In October 2020, we, a group of scientists with relevant scientific and drug development expertise, self-volunteered to evaluate whether Bangovax can qualify for Phase I human trial based on data released by the Globe Biotech (as a preprint). 

At that time, this company was asking permission for human trials. We made some recommendations publicly to address how Globe Biotech could test their proposed vaccine candidate to meet the international standards before moving to Phase I human clinical trial:
1. Globe Biotech must perform nonhuman primate studies (monkey or chimpanzee) under strict international GLP requirements to test vaccine safety and efficacy before entering into Phase I clinical trials. As for reference, most of the front-line vaccine candidates against Covid-19 have gone through elaborate and in-depth testing in 2 or 3 higher animal models in order to have solid data on vaccine safety and efficacy.
2. Are all components required for vaccine development (namely mRNA and LNP) manufactured in an internationally certified good manufacturing practice (GMP) facility at Globe Biotech? For instance, production of the vaccine candidate which is injected into animals must fulfill the international GLP and GMP compliance. All of the issues have to be ensured before initiating a human trial.
3. Has Globe established a manufacturing process to consistently produce GMP grade mRNA-LNP with the exact particle size to be injected in humans? Globe has to show GMP-grade and consistent manufacturing process of the vaccine candidate before a clinical trial may be started.
4. Globe Biotech has exaggerated the specificity of their vaccine targeting the D614G mutation. In fact, D614G mutation is outside the receptor binding domain (RBD) and hence doesn't need to be focused in developing a Covid-19 vaccine. Furthermore, although not highlighted by the other vaccine developers due to scientific accuracy, most of the Covid-19 vaccines such as Johnson and Johnson, Moderna, Pfizer, and AstraZeneca ensure protection from SARS-CoV-2 virus having D614G mutation. Therefore, Globe Biotech must refrain from such false scientific statements.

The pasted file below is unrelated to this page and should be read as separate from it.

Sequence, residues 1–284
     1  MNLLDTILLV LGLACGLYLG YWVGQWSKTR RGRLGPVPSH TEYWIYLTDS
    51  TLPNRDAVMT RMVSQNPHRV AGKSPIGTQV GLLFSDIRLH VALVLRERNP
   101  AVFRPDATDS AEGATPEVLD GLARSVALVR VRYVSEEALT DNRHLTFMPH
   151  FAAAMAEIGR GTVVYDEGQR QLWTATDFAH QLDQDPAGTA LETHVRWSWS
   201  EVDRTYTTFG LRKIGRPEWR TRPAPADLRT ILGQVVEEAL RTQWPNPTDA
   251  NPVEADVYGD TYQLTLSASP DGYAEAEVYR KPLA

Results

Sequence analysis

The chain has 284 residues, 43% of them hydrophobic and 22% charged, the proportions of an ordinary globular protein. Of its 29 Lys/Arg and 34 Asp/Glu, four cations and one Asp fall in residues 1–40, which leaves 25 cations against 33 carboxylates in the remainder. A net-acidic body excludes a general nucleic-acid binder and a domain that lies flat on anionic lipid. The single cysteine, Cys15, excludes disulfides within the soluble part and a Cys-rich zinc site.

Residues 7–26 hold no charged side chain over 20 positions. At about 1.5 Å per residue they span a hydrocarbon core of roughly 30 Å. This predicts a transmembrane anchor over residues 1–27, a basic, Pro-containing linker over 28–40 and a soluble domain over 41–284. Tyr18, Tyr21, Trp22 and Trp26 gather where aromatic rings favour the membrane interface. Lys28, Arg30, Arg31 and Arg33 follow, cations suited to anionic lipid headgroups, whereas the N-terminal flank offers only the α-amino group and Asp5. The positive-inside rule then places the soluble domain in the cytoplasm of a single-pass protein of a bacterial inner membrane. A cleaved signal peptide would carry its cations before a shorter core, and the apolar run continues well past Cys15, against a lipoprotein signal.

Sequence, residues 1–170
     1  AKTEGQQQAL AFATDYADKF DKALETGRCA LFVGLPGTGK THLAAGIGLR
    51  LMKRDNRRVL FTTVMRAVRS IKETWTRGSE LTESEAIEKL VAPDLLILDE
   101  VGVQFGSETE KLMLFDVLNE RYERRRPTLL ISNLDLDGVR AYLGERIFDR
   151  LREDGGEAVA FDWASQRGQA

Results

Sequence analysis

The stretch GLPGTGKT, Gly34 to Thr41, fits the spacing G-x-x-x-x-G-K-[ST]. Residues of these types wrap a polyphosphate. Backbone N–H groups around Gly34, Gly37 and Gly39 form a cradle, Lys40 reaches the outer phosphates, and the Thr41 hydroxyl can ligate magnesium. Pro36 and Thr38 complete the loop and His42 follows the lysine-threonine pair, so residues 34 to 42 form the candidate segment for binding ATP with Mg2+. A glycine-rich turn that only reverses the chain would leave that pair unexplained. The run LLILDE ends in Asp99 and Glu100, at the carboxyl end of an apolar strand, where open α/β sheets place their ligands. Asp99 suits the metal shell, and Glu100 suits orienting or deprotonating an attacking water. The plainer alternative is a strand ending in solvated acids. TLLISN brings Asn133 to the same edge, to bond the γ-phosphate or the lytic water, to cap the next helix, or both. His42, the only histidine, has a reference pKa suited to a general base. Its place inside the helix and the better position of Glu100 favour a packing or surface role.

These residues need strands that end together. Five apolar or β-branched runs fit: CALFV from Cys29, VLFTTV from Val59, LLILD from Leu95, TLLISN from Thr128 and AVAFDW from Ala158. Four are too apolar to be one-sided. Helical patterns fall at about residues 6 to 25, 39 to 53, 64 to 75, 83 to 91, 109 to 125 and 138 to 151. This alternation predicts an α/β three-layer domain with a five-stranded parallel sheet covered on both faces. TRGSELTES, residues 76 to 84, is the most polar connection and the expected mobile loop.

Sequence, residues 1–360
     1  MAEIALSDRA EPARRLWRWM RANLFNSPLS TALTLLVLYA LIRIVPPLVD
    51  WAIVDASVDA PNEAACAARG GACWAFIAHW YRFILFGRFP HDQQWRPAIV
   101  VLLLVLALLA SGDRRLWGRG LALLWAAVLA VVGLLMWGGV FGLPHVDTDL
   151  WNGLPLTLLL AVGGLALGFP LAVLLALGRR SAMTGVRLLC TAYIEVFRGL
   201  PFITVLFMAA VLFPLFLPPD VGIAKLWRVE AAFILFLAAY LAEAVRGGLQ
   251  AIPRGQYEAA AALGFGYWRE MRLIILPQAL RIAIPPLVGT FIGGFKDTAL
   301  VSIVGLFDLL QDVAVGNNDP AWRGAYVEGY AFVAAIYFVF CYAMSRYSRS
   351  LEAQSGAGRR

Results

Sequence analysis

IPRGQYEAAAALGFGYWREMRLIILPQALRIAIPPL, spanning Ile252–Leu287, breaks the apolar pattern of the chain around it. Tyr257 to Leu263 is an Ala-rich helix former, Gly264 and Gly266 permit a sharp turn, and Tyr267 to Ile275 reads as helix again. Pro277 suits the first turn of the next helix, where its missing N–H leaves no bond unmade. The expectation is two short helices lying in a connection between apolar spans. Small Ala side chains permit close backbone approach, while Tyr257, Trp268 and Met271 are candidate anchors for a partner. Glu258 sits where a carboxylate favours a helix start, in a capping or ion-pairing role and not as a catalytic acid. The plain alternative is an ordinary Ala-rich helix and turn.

Bangladesh has experienced several waves of Covid-19 infection, but the current delta variant has posed significant threat at every level. The government has shut the whole country completely to save people’s lives. Under these circumstances, Globe Biotech’s move to catch monkeys to perform vaccine trials is totally unacceptable and deserves investigation immediately.

Pharmaceutical industries of Bangladesh have made remarkable progress in manufacturing generic drugs and now these drugs are exported to over 130 countries. Globe Biotech’s action is now known to the international community, thus the reputation of the whole pharma sector is at stake. 

Respective authorities including Bangladesh Medical Research Council (BMRC) and Directorate General of Drug Administration must take vaccine safety and ethical issues without utmost reservation, considering human health and future progress of our country. 

Dr Rezaul Karim is Manager Regulatory Affairs/Drug Development and Immunologist, Utrecht, The Netherlands. Dr Jubayer Rahman is an Immunologist working at the National Institutes of Health, USA. Dr M Shamsul Alam is an Immunologist working at the National Institutes of Health, USA. Dr Mohammad Sorowar Hossain is Former Senior Manager (R&D), Biotech Division, Incepta Pharmaceutical Ltd; Executive Director, Biomedical Research Foundation, Bangladesh; Associate Professor, Independent University, Bangladesh.